If individuals click onto http://www.pringlescotland.com/ the website of Pringle of Scotland then clearly you will be treated to adorable fashion. It is hoped that the new partnership with Sanyo Shokai will bear fruit because this company is blessed with an amazing and intriguing history. Also, with Japan being a major fashion centre in the world because of famous cities like Tokyo, Osaka and Kobe, then clearly the new deal between Pringle of Scotland and Sanyo Shokai is full of potential. After all, the products and color coordination of Pringle of Scotland is extremely sophisticated and elegant. Also, this company appeals greatly to both sexes and with such quality fabrics matched with innovation, then Japanese fashion lovers are in for a treat.

http://www.pringlescotland.com/

http://www.sanyo-shokai.co.jp/

leejay@moderntokyotimes.com

http://moderntokyotimes.com  

July 13, 2012

Japanese art and Yumeji Takehisa: Radiant artist crushed by humanity

Japanese art and Yumeji Takehisa: Radiant artist crushed by humanity

Lee Jay Walker

Modern Tokyo Times

In all nation states you have elites which control and often abuse power based on “special interests” and “secrecy.” Many individuals feel like “fodder” because so many dreams never materialize for the majority of people. This is the reality of life because justice is but a word and democracy without economic freedom is shallow. Likewise, the daily grind of paying taxes to governments which abuse the system based on various agendas is not only frustrating, it also destroys the spirit of many.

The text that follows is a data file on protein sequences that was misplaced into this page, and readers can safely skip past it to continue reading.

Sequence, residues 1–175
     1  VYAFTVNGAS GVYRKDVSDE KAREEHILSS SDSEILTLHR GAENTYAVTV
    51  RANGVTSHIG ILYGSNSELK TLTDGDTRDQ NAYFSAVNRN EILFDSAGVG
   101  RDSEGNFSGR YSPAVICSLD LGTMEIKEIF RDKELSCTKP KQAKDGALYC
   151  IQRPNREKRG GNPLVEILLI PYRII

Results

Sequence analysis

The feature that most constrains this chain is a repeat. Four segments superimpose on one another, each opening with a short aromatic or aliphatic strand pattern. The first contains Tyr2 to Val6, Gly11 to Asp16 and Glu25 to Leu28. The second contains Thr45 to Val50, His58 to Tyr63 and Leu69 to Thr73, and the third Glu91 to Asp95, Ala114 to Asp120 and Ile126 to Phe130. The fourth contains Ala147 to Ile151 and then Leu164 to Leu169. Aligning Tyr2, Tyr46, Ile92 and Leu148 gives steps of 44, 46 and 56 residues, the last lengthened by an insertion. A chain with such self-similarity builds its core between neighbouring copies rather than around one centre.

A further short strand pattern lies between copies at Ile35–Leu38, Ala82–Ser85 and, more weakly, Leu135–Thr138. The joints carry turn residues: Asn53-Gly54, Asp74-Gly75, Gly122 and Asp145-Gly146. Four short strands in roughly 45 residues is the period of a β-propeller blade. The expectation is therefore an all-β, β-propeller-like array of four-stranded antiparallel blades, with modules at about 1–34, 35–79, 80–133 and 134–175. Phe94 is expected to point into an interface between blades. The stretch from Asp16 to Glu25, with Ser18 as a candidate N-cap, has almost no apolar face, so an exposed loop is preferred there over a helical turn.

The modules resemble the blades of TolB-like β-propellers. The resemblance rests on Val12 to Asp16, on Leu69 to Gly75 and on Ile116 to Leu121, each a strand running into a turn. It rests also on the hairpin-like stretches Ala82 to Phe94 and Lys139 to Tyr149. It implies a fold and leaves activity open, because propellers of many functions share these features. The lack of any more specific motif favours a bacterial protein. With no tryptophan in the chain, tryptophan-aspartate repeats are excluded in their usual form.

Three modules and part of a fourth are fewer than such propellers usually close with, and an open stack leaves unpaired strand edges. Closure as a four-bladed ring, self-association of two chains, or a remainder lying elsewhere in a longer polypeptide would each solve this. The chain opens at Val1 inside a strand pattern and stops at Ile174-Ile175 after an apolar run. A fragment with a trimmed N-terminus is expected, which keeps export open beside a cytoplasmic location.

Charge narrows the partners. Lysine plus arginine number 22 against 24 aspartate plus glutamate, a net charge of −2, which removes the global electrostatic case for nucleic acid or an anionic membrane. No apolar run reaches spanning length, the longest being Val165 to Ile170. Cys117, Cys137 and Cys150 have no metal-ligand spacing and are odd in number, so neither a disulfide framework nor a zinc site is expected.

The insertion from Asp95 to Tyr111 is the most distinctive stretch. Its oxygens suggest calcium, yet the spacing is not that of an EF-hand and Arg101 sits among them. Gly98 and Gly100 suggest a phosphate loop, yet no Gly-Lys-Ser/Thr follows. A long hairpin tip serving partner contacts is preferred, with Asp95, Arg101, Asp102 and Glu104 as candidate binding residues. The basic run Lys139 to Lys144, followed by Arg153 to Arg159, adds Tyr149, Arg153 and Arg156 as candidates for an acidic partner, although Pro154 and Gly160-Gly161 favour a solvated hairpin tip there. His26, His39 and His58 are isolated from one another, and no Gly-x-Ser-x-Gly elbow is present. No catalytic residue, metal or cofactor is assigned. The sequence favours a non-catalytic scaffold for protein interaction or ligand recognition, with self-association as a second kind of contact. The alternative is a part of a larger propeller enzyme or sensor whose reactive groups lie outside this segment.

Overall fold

However, for individuals blessed with so much talent then these internal convulsions can unbalance and destroy artists because of the countless “false dawns.” Vincent Van Gogh and Paul Gauguin are prime examples. They both were blessed with so much talent but the system crushed them and made life extremely uncomfortable. Therefore, in time capitalists got rich on the labor of two individuals blighted by poverty and extreme dark moments.

While Vincent Van Gogh and Paul Gauguin faced their internal demons the same reality would also crush the world of Yumeji Takehisa. From radiance to despair, from hope and desire to abandonment and being disillusioned. In the end the final years of Yumeji Takehisa were filled with sorrow and internal alienation based on expectations which his art deserved. Yet the pathway of Vincent Van Gogh and Paul Gauguin awaited Yumeji Takehisa.